Did John Boehner blink on tax cuts for the rich?
House Republican leader John Boehner said he’d vote to extend tax cuts for middle-class Americans even if the Bush tax cuts for the wealthy were allowed to expire. Did he mean it, or was it a calculated move to get President Obama off his back?
On CBS' "Face the Nation" Sunday, House Republican leader Boehner said that if he had to, he’d vote to extend tax cuts for middle-class Americans (those making no more than $250,000 a year) even if the Bush tax cuts for the richest three percent were allowed to expire.
“If the only option I have is to vote for those at $250,000 and below, of course I'm going to do that,” Boehner told “Face the Nation” host Bob Schieffer.
On the surface, that can’t have been easy for the Republican to admit, even though the Congressional Budget Office estimates that extending tax cuts for the wealthy would cost the federal treasury $700 billion over the next ten years.
“I've been making the point now for months that we need to extend all the current rates for all Americans if we want to get our economy going again, and we want to get jobs in America,” he told Schieffer. “I’m going to do everything I can to fight to make sure that we extend the current tax rates for all Americans.”
Still, Boehner’s willingness to accept less than that is noteworthy – especially when some Democrats, including former White House budget director Peter Orszag, have said they might compromise by going along with extending the Bush tax cuts for all income levels. (At least for a while.)
“At least a dozen House Democrats, several Democratic candidates and four Democratic senators – Evan Bayh of Indiana, Ben Nelson of Nebraska, Joe Lieberman of Connecticut and Kent Conrad of North Dakota – have said they won't go along with the president's plan to allow the cuts to expire for the wealthiest Americans,” reports Patricia Murphy at Politics Daily.
But that hasn’t deterred President Obama from hammering away at the GOP – and especially John Boehner – over the tax issue. If anything, it’s energized him as he becomes more involved in campaigning for the midterm elections, which are an important referendum on his first two years in office.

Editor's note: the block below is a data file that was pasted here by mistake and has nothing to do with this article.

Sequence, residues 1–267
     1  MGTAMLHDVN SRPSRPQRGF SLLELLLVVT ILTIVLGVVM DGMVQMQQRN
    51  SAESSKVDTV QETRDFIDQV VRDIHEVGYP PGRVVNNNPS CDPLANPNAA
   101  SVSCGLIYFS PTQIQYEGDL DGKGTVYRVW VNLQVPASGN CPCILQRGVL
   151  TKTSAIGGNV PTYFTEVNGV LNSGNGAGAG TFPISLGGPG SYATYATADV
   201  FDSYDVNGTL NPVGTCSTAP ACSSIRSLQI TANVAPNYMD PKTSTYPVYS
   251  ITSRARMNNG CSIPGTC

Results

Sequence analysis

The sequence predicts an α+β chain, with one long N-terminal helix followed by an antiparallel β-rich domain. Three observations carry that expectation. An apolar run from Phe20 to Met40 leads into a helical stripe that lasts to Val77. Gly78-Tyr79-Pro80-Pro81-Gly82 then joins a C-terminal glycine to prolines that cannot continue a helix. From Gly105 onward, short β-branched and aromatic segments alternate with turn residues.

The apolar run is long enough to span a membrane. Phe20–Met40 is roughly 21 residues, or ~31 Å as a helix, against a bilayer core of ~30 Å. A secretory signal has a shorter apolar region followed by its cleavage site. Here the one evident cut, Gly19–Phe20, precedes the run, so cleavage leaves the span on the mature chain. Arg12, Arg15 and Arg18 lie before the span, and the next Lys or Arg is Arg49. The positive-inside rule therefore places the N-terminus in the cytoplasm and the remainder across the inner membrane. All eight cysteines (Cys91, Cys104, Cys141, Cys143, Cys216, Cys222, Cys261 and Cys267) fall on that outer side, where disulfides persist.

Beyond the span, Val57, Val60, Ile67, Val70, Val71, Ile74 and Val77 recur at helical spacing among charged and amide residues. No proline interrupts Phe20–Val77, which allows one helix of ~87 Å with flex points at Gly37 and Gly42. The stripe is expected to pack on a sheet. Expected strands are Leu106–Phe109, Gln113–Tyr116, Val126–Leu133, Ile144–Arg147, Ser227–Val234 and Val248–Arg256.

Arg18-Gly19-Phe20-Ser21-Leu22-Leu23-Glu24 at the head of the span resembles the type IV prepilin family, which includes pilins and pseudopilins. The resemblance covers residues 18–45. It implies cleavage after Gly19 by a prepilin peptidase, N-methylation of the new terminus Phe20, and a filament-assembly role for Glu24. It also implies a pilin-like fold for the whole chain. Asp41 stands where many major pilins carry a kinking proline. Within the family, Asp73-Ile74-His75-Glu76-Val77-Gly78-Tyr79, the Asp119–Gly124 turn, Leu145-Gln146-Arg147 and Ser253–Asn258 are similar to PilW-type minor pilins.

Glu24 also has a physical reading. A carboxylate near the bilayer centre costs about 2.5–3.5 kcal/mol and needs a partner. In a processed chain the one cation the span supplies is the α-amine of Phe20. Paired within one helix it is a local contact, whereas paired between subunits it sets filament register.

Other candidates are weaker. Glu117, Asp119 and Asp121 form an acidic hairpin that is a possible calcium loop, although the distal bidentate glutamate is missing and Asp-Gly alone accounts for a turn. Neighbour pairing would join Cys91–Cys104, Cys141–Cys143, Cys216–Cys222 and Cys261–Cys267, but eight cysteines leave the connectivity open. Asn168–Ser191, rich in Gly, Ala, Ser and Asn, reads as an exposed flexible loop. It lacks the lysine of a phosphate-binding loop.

In a speech this past week in Parma, Ohio – Boehner’s political backyard – Obama referring to Boehner by name eight times. And he was especially derisive on taxes.
“I believe we ought to make the tax cuts for the middle class permanent,” Obama said. “But the Republican leader of the House doesn’t want to stop there…. He and his party believe we should also give a permanent tax cut to the wealthiest 2 percent of Americans.”
“So let me be clear to Mr. Boehner and everybody else,” he said. “We should not hold middle-class tax cuts hostage any longer. We are ready, this week, if they want, to give tax cuts to every American making $250,000 or less. That's 98-97 percent of Americans.”
“Despite what Obama says, Republicans are not holding middle-class tax cuts hostage and we're not going to let him get away with those types of false claims. Our focus remains on getting bipartisan support for a freeze on all current rates, because that is what is best for the economy and small business job creation. Boehner's words were calculated to deprive Obama of the ability to continue making those false claims, and as a result we are in a better position rhetorically to pressure more Democrats to support a full freeze.”
[UPDATE: Late Sunday afternoon, White House press secretary Robert Gibbs issued this statement: "We welcome John Boehner's change in position and support for the middle class tax cuts, but time will tell if his actions will be anything but continued support for the failed policies that got us into this mess."]